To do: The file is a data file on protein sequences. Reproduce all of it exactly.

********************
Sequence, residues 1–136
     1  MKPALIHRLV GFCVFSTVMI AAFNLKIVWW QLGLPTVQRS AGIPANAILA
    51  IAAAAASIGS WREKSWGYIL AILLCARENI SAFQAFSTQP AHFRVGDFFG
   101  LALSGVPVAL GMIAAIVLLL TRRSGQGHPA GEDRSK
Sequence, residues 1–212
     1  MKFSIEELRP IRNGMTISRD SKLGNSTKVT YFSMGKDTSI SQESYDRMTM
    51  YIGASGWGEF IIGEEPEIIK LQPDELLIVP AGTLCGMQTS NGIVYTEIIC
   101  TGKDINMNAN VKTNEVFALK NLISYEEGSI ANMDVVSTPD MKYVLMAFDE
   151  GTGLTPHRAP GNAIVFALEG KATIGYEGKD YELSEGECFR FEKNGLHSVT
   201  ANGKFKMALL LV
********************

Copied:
Sequence, residues 1–136
     1  MKPALIHRLV GFCVFSTVMI AAFNLKIVWW QLGLPTVQRS AGIPANAILA
    51  IAAAAASIGS WREKSWGYIL AILLCARENI SAFQAFSTQP AHFRVGDFFG
   101  LALSGVPVAL GMIAAIVLLL TRRSGQGHPA GEDRSK
Sequence, residues 1–212
     1  MKFSIEELRP IRNGMTISRD SKLGNSTKVT YFSMGKDTSI SQESYDRMTM
    51  YIGASGWGEF IIGEEPEIIK LQPDELLIVP AGTLCGMQTS NGIVYTEIIC
   101  TGKDINMNAN VKTNEVFALK NLISYEEGSI ANMDVVSTPD MKYVLMAFDE
   151  GTGLTPHRAP GNAIVFALEG KATIGYEGKD YELSEGECFR FEKNGLHSVT
   201  ANGKFKMALL LV